The U.S. coal industry’s best hope for a bailout may lie in the Rust Belt now that Washington’s plan has fizzled.
The largest U.S. power grid — covering Pennsylvania, Ohio and other states — has been considering an initiative that may keep struggling coal plants afloat.
The idea, which would boost revenue for generators including coal and nuclear plants, has drawn skepticism from analysts and isn’t nearly as sweeping as the White House plan rejected Monday by regulators. But at least two coal miners say it could aid their industry.
“It certainly sounds like it’s in the same direction,” Murray Energy Corp. Chief Executive Officer Robert E. Murray said in an interview. “We have to see what they’re proposing.”
Dozens of U.S. coal plants have closed in recent years as they’ve struggled to compete with low natural gas prices and a flood of wind and solar farms. Energy Secretary Rick Perry’s proposal would have paid coal and nuclear plants extra to store fuel on site in the name of making grids more “resilient.” But the Federal Energy Regulatory Commission rejected the idea after it drew criticism from gas producers, grid operators and others who argued it would undermine competition.
The proposal from the regional power grid, PJM Interconnection LLC, was formally introduced in November. It aims to revamp the way generators are paid during peak demand.
When electricity use spikes, bottlenecks form on transmission networks, preventing the cheapest sources of power from flowing to the areas where they’re needed most. As a result, inefficient power plants that happen to be closest to demand centers are forced to ramp up and operate at a loss. In many cases, they’re coal plants.
Currently, PJM compensates these plants with out-of-market “uplift payments.” The pending proposal — which ultimately needs approval from federal regulators — would allow coal and nuclear plants to set the price of energy when they’re in use, reducing the need for uplift payments.
Coal miner Consol Energy Inc., which operates in Pennsylvania, is “encouraged” by the debate about grid resilience. PJM’s plan will “more fairly allocate pricing” to coal-fired power plants, spokesman Zach Smith said in an emailed statement.
The new rule may raise market prices by $4 per megawatt-hour, Guggenheim Securities analysts including Shahriar Pourreza said in a note late Monday. Over the course of a year, it could earn generators “hundreds of millions of dollars,” Moody’s Investors Service analyst Toby Shea said in a November note.
The losers, according to critics of the plan, would be ratepayers who may ultimately have to shoulder that extra bill.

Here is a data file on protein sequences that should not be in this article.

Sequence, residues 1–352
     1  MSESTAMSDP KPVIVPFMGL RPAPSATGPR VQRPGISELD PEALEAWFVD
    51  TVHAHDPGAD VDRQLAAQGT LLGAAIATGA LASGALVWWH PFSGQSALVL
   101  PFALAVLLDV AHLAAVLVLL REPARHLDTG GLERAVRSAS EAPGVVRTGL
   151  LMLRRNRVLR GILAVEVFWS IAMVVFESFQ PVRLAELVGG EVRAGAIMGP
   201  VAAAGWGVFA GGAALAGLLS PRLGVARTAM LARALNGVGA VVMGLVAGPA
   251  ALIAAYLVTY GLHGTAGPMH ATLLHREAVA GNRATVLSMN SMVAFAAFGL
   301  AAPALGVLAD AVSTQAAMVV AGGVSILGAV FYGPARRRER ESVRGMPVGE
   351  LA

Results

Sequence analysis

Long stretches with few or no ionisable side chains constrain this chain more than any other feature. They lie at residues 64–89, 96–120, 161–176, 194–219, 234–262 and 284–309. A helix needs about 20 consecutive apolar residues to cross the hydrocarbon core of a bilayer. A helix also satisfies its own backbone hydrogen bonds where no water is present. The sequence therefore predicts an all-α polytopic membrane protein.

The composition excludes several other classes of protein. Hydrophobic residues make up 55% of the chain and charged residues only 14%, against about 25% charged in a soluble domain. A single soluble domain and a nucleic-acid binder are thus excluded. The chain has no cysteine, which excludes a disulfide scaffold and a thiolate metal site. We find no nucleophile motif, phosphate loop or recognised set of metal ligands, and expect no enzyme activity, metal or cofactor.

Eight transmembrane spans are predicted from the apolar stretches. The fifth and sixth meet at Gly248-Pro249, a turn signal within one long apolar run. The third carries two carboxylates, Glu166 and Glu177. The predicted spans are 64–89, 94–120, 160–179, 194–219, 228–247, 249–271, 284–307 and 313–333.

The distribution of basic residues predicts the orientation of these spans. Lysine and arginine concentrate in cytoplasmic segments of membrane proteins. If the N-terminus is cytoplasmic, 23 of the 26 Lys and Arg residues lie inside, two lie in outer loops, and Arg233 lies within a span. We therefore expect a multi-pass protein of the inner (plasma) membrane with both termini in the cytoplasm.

“There’s a contingent of folks who believe this is just a more technical way to sneak across the finish line a proposal that will benefit struggling coal and nuclear generators,” said Christina Simeone, a director at the Kleinman Center for Energy Policy.
For coal producers, the plan has some of the benefits of Perry’s proposal without the opposition. Because it would raise revenues for all power producers, it’s less likely to draw the ire of natural gas and renewable generators that assailed Perry’s plan.
PJM isn’t alone in coming up with its own plan. Fellow grid operator Midcontinent Independent System Operator Inc., which covers a region stretching from central Canada down to the Gulf Coast, is developing a proposal to overhaul elements of the way it runs the grid as the mix of power generators evolve, a spokesman, Mark Brown, said by email. It’s unclear if the plan would be a boon to coal.
Even in PJM, salvation may not come quickly enough for Murray and other coal miners. The grid operator has yet to submit its proposal to federal regulators for approval, a process that could take months and face legal challenges. And PJM has only begun its own lengthy stakeholder process to get the proposal cleared by the companies that operate in the region.
“Bob Murray is willing to support anything that’s going to direct incremental revenue of any kind to coal-fired power plants,” said Christine Tezak, managing director of ClearView Energy Partners in Washington. “But if you ask where PJM’s price proposal is — it’s nowhere.”
Already, federal officials are showing signs of marshaling support behind PJM’s plan. Deputy Energy Secretary Dan Brouillette, in a congressional hearing Tuesday morning, suggested that Perry’s plan all along wasn’t asking for anything special — but rather responding to the desires of grid operators such as PJM.
“It was the people running the grid, PJM folks, who were asking for changes in the rules,” he said. “It was to provide more appropriate compensation for services that are provided each and every day.”